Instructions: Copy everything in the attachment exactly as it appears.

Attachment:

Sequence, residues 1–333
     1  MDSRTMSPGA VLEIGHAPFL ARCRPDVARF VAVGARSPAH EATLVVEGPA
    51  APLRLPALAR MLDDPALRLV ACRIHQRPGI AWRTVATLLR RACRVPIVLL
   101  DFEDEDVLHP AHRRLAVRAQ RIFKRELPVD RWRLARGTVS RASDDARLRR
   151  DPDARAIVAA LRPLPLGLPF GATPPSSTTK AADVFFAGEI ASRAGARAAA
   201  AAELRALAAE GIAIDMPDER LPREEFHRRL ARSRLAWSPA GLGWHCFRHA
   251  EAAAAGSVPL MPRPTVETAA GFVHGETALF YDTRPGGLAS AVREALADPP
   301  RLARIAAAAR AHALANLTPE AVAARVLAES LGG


Sequence, residues 1–333
     1  MDSRTMSPGA VLEIGHAPFL ARCRPDVARF VAVGARSPAH EATLVVEGPA
    51  APLRLPALAR MLDDPALRLV ACRIHQRPGI AWRTVATLLR RACRVPIVLL
   101  DFEDEDVLHP AHRRLAVRAQ RIFKRELPVD RWRLARGTVS RASDDARLRR
   151  DPDARAIVAA LRPLPLGLPF GATPPSSTTK AADVFFAGEI ASRAGARAAA
   201  AAELRALAAE GIAIDMPDER LPREEFHRRL ARSRLAWSPA GLGWHCFRHA
   251  EAAAAGSVPL MPRPTVETAA GFVHGETALF YDTRPGGLAS AVREALADPP
   301  RLARIAAAAR AHALANLTPE AVAARVLAES LGG